In addition to FRSAN, the framework also provides for more financing options for rural healthcare, such as hospitals, telehealth, mental and behavioral health programs, and makes healthcare a priority within a number of Rural Development programs. 

As one farmer shared in the 2022 Young Farmer Survey, “Farming is therapeutic for my own mental and physical issues, and hopefully someday will be for others.”



The Local Agriculture Market Program (LAMP) is really four programs in one. It is made up of the Farmers Market Promotion Program (FMPP), Local Food Promotion Program (LFPP), the Value-Added Producer Program (VAPG), and the Regional Food Systems Partnership (RFSP) program. In this section, we’ll focus on VAPG, although we are pleased to see improvements to all four programs. 

VAPG is a grant program for farmers and ranchers to create and market value-added products. The Senate framework removes the matching requirement for VAPG (as well as for FMPP and LFPP). Currently, the program requires a one-to-one match. This places a huge burden on producers and keeps this program out of reach for many young and BIPOC producers, who often have lower incomes or fewer resources to provide matching funds for the grant. The Young Farmer Agenda called for eliminating the matching requirement for Socially Disadvantaged and Economically Distressed applicants, and we’re excited to see a response to that proposal.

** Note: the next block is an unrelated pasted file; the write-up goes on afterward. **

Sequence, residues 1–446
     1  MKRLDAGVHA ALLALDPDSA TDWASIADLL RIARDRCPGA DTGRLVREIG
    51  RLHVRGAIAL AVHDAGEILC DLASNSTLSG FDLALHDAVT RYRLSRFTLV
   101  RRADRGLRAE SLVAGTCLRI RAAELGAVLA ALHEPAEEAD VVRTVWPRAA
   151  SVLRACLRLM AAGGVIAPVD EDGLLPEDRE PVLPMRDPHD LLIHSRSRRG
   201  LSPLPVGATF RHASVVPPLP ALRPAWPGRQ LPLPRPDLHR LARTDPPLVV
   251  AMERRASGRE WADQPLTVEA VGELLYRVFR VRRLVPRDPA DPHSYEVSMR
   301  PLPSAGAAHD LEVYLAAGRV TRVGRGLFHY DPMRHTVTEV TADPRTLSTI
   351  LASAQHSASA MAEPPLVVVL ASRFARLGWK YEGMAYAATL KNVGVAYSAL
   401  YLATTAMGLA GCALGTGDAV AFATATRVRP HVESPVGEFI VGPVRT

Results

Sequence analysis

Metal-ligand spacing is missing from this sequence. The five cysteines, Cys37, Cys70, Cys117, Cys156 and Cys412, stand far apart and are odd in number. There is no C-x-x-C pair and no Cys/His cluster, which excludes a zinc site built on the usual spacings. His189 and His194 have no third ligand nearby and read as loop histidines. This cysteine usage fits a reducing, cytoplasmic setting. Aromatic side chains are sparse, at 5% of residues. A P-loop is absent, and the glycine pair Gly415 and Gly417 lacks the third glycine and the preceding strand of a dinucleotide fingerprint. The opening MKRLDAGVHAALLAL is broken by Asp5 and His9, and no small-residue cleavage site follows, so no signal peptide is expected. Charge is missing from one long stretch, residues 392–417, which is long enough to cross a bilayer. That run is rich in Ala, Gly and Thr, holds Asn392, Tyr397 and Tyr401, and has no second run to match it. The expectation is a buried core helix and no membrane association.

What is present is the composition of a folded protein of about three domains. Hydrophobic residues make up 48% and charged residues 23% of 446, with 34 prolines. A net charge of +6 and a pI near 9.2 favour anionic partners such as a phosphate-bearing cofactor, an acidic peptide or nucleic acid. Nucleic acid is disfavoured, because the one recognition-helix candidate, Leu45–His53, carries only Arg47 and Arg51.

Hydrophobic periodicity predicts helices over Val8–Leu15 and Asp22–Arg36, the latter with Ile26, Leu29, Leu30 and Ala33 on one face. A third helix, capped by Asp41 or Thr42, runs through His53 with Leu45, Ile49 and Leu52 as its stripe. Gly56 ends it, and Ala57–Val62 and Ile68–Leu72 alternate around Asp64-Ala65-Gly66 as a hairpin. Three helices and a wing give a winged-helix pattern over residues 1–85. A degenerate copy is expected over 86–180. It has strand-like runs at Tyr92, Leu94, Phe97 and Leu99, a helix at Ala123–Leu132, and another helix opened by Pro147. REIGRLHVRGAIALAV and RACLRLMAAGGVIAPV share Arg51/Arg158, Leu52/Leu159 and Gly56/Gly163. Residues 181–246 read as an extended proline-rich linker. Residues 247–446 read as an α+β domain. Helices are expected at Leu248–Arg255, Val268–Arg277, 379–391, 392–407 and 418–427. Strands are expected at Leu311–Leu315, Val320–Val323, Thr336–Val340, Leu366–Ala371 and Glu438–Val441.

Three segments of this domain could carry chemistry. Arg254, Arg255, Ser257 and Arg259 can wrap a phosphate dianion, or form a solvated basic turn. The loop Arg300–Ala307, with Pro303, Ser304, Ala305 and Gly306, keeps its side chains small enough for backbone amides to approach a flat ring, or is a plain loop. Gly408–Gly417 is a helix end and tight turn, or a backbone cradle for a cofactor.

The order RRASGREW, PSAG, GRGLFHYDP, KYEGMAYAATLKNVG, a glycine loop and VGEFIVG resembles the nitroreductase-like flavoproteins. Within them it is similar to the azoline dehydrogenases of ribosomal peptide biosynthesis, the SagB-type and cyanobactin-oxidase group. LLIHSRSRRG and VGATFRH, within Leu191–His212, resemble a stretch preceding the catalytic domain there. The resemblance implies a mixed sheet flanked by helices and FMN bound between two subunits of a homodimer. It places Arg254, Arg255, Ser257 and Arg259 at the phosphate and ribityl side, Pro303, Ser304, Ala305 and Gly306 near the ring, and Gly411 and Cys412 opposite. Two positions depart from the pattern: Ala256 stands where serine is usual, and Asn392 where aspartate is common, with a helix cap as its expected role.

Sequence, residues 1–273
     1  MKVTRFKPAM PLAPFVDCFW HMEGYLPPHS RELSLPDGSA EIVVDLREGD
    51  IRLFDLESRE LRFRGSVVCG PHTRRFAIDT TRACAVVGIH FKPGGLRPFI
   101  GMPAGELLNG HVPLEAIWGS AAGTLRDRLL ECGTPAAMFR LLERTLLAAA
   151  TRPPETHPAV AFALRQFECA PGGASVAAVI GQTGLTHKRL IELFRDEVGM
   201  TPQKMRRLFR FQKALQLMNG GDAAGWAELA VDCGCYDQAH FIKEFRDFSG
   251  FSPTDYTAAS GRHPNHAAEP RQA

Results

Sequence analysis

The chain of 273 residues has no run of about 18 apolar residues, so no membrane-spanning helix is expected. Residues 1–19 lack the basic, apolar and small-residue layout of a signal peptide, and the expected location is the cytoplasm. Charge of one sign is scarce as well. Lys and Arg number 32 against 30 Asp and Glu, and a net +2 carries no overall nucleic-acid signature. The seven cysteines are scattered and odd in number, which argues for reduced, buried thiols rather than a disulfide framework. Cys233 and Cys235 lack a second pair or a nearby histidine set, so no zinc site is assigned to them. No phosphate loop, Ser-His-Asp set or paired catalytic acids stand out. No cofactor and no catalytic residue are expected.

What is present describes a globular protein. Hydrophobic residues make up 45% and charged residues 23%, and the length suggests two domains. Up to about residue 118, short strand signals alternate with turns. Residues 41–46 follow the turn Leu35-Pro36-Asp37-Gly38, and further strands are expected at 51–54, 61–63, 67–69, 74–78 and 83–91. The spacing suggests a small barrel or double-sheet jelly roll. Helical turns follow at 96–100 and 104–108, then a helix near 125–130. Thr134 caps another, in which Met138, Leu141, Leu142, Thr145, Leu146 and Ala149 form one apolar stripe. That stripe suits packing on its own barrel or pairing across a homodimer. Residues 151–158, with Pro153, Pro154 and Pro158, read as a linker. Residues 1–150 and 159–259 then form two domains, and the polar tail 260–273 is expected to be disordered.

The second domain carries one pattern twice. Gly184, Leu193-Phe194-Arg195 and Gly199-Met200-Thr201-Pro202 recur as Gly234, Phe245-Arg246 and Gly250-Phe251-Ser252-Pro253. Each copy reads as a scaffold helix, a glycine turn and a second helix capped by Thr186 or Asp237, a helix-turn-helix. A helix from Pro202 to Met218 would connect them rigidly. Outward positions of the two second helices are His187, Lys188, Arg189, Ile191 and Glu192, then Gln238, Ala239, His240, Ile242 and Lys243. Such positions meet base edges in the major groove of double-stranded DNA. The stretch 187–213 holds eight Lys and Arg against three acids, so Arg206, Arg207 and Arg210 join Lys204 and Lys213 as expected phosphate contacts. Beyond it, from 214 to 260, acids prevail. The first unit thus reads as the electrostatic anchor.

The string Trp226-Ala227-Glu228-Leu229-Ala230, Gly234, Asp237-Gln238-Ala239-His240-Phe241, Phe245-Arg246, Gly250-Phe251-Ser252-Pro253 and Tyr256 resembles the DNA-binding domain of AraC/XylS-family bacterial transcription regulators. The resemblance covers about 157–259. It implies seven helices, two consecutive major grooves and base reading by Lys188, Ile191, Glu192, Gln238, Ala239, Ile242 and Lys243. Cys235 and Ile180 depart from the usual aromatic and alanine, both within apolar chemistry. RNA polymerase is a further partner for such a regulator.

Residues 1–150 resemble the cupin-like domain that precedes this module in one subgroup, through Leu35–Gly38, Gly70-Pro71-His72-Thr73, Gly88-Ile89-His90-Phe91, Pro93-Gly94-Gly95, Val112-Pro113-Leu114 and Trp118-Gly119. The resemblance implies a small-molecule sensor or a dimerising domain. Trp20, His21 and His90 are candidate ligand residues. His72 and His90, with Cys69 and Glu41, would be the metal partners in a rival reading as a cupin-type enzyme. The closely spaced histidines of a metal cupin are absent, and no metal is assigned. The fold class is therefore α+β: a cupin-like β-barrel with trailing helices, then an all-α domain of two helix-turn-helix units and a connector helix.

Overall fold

Other market access wins include:

  • Increasing discretionary funding (the amount Congress can approve in their annual budget) for LAMP to $30M per year (up from $20M);
  • Allowing food hubs to be eligible to apply for FMPP, LFPP, and RFSPP;
  • Maintaining the Office of Urban Agriculture and Innovation and expansion of its authority to help urban producers acquire farm tract numbers and promote conservation practices;
  • Increased funding for the Senior Farmers Market Nutrition Program;
  • Improvements to the Produce Prescription Program and the Gus Schumacher Nutrition Incentive; and 
  • Improved processes for farmers to receive Supplemental Nutrition Assistance Program (SNAP) and participate in other nutrition programs.